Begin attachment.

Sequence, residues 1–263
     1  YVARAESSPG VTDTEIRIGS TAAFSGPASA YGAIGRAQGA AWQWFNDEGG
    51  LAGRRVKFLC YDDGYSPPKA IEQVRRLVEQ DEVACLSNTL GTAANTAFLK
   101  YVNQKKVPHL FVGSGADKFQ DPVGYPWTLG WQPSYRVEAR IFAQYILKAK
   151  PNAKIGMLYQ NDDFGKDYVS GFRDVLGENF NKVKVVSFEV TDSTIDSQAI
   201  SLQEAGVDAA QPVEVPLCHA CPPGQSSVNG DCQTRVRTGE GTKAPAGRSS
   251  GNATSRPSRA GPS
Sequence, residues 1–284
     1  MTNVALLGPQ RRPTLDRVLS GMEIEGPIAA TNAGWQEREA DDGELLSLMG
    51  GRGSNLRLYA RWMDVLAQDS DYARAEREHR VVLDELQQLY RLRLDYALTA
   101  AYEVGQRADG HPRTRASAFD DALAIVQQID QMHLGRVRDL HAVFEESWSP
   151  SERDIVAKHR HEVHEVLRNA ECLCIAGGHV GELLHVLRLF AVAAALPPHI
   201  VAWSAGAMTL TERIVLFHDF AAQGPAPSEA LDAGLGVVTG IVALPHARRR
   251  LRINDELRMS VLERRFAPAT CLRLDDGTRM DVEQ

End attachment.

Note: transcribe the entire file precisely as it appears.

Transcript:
Sequence, residues 1–263
     1  YVARAESSPG VTDTEIRIGS TAAFSGPASA YGAIGRAQGA AWQWFNDEGG
    51  LAGRRVKFLC YDDGYSPPKA IEQVRRLVEQ DEVACLSNTL GTAANTAFLK
   101  YVNQKKVPHL FVGSGADKFQ DPVGYPWTLG WQPSYRVEAR IFAQYILKAK
   151  PNAKIGMLYQ NDDFGKDYVS GFRDVLGENF NKVKVVSFEV TDSTIDSQAI
   201  SLQEAGVDAA QPVEVPLCHA CPPGQSSVNG DCQTRVRTGE GTKAPAGRSS
   251  GNATSRPSRA GPS
Sequence, residues 1–284
     1  MTNVALLGPQ RRPTLDRVLS GMEIEGPIAA TNAGWQEREA DDGELLSLMG
    51  GRGSNLRLYA RWMDVLAQDS DYARAEREHR VVLDELQQLY RLRLDYALTA
   101  AYEVGQRADG HPRTRASAFD DALAIVQQID QMHLGRVRDL HAVFEESWSP
   151  SERDIVAKHR HEVHEVLRNA ECLCIAGGHV GELLHVLRLF AVAAALPPHI
   201  VAWSAGAMTL TERIVLFHDF AAQGPAPSEA LDAGLGVVTG IVALPHARRR
   251  LRINDELRMS VLERRFAPAT CLRLDDGTRM DVEQ